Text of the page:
My wife is taking Tecfidera. I would recommend you consider Gilyena or Tecfidera as good starting points. Most of the side effects are monitored for and can be avoided. Much that wasnt known about them is know as time as passed and they now know what to look for before some of the worst side effects. If you feel like you need something more effective and willing to take some risk there are more effective treatments but it might be that these drugs are enough to keep things at bay.

You should consider getting yourself testing for JCV. Because if you are JCV negative, Tysabri is extremely effective and there are very low risk of side effects. If you are JCV positive then you have a risk of PML which warrants a lot of caution.

Those are my personal opinions of course. Numbness usually occurs because of lesions in the spine which means that you have to take that a bit more seriously for mobility issues which is why would recommend something at least stronger the Coxpane. You also might have had two relapses about 6 months apart so its worth getting started on something soon. Did you have more details on what your MRI showed?

1 year ago

@californiadreamin thanks for your reply!

I cut out Gluten and Dairy in February (my friend also has MS and swears by it) which I think is a very small part of the oms diet. I must say, as much as I miss cheese and cakes, the few times I’ve accidentally eaten something that contains gluten or dairy my hands tingle within minutes so I know at least for myself, there’s something there!

I’m assuming they would check for JCV if I were to start one of the PML risk drugs??

The MS doc said that my disease is of the spinal type with several post contrast enhanced lesions in the cervical spinal cord. I also have one tiny little lesion in my brain but apparently that wasn’t active at the time of my MRI. He did say that the inflammation in my spine was quite severe and that he would be concerned that if I had a “bad” relapse it could have a permanent effect on my legs.

Of the oral medications Tecfidera is definitely the one I would go for, I’m sure I read more negative things about Gilenya than i did Tecfidera but I suppose that really I need to push that aside and experience these for myself and hope for the best.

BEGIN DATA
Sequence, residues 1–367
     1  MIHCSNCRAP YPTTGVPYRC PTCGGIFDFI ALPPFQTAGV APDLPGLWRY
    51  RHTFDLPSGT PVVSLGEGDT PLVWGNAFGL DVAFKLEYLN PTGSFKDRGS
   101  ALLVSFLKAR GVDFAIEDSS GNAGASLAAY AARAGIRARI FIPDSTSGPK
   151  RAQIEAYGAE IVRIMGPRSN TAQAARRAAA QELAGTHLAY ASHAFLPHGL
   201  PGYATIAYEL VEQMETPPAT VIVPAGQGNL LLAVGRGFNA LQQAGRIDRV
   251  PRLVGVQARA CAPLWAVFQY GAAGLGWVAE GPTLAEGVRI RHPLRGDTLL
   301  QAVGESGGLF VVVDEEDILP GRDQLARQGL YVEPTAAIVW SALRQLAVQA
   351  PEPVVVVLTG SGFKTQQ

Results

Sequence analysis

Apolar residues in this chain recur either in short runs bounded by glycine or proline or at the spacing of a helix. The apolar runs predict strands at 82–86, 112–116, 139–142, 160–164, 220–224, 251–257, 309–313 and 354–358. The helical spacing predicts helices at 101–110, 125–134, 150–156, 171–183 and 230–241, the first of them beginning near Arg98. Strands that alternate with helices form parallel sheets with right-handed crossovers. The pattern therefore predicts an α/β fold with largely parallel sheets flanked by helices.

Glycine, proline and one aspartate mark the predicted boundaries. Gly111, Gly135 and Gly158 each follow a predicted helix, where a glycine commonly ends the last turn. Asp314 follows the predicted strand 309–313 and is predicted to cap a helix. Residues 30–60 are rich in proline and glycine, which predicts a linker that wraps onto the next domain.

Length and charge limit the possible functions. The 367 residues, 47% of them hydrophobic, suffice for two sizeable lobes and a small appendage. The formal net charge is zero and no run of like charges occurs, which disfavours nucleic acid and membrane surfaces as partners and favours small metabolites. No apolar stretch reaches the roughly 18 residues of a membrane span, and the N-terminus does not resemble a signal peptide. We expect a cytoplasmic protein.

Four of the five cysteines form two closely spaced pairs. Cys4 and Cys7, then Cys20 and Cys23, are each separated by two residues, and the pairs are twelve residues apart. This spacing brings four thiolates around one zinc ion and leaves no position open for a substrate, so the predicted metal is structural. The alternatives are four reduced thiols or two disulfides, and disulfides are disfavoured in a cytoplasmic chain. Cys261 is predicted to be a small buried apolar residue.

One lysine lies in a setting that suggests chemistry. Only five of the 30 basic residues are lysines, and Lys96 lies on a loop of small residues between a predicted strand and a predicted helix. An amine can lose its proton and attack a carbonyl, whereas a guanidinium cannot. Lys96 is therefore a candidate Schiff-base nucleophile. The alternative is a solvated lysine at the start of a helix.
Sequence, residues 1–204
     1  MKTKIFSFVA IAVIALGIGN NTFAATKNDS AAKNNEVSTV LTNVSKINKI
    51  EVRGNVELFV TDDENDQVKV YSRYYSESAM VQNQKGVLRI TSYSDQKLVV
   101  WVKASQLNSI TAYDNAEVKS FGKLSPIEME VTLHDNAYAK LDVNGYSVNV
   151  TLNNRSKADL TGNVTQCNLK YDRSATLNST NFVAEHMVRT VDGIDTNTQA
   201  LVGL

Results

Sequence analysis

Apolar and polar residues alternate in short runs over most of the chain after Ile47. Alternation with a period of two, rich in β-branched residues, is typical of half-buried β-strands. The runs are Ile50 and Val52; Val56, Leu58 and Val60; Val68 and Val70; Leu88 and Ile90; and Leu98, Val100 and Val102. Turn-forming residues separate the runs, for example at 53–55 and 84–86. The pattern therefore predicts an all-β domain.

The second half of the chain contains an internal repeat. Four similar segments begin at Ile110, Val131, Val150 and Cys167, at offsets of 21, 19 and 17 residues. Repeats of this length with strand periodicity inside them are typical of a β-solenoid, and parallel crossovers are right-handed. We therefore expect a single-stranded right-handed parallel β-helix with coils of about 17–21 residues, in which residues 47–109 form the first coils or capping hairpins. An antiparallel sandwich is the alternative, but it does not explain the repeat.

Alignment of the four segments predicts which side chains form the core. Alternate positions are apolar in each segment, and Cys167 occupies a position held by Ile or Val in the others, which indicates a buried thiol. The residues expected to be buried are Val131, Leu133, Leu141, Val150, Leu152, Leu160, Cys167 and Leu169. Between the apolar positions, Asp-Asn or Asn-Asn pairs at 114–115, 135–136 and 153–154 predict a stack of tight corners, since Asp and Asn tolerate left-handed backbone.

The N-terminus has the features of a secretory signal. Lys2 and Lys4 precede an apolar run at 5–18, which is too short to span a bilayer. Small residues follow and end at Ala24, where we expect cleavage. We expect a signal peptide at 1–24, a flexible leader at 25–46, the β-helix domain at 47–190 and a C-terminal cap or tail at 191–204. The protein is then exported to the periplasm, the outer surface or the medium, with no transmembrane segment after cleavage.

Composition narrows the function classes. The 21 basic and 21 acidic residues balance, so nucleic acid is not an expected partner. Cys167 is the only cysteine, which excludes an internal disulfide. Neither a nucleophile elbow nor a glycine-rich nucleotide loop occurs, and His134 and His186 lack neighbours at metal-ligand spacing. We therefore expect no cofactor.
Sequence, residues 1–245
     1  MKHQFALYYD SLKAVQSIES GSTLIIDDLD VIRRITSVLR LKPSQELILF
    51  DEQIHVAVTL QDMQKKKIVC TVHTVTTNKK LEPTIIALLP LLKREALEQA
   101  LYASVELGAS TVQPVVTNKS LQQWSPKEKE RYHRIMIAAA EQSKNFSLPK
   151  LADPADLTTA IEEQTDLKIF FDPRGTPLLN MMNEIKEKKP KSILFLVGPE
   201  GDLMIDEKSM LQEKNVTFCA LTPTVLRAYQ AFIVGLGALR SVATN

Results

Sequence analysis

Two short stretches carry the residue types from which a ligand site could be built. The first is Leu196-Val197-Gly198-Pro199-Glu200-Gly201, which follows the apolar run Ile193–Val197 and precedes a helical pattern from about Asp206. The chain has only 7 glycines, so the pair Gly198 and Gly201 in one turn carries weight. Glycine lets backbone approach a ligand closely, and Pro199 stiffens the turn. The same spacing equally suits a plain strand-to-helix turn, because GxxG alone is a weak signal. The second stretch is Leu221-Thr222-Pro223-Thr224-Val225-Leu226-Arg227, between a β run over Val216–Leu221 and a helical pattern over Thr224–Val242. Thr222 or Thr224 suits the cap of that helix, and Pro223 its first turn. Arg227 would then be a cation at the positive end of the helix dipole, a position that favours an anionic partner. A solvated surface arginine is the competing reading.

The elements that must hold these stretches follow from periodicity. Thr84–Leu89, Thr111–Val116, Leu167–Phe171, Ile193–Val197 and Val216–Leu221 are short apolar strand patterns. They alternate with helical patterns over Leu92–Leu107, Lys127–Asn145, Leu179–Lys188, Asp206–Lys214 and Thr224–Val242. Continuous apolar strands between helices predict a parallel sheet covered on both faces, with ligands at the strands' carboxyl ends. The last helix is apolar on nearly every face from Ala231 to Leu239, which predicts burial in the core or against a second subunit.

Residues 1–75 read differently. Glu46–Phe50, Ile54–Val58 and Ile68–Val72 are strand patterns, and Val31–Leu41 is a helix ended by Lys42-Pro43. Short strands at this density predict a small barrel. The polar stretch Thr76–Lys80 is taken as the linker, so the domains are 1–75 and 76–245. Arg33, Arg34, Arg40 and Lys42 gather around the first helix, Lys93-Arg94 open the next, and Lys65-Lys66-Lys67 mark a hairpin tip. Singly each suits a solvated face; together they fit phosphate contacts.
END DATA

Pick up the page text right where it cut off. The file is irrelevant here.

I’m just really worried about, well, feeling like crap when I don’t particularly feel very ill at the moment.

@avox Well I think most places wont recommend Tysabri as an initial DMT. However the rocky mountain MS center which is probably the leading 2-3 centers in the US would recommend starting with that if you were JCV – . My wife is at Stanford and I didnt know that when we started but she is JCV negative so probably would have gone for that over Tecfidera. However, we are 10 months in without many issues and no MRI progression seen. So at this point we are trying to determine if we should switch to Ocrevus or one of the newer drugs that are in Phase 2 right now.

I would recommend watching for an overview:

I think its good that Dr’s partner with patients on what DMT’s to take, but at the end of the day doing all the research yourself and not being given the proper tools for making that decision doesnt seem like its leveraging the dr’s skills. However, the reality is that most doctors know a lot about biology etc, but they are less aware of statistical analysis of the right way to manage risk and reward.

The above video I think will give you more info then you wouldnt have gotten from a dr in a short session anyway. There are a number of others I can send you if you are looking into it.

The good thing with Tecfidera is my wife doesnt notice it at all anymore. There were a few really, really hard weeks, but that was it.

1 year ago

@avox, I have read through the comments and as usual I am really impressed by the knowledge and humanity shown by people on this site.
Tracy is 100% right: get on the right side of the MS nurse, and all medics if you can. I have seen my aged mother wind up doctors and seen others try to create an empathetic interaction, and the latter is the way to go.

I can only comment on Avonex, as that is what I am on. At the time, it was a toss up between that and Plegridy, based solely on Plegridy being a fortnightly jab and Avonex a weekly one. I was advised by the MS Consultant that Plegridy is quite new and I should go for Avonex. Others may have a different experience, but that was mine. On that advice I went for Avonex. it’s once a week into your thigh. It’s not great, but I can think of a lot worse things, and as your body adjusts to it, the symptoms (that not everyone gets) improve. For me, they have been feeling a bit under the weather for 24 hours. Also, you don’t see the needle when you inject, if that’s a worry.
The comments on the exercise are valid too. It’s a balance between exercising and not overdoing it. They may offer you an appointment with a fatigue specialist, as they did for me. That might be useful and you should ask.
I wish you the best of luck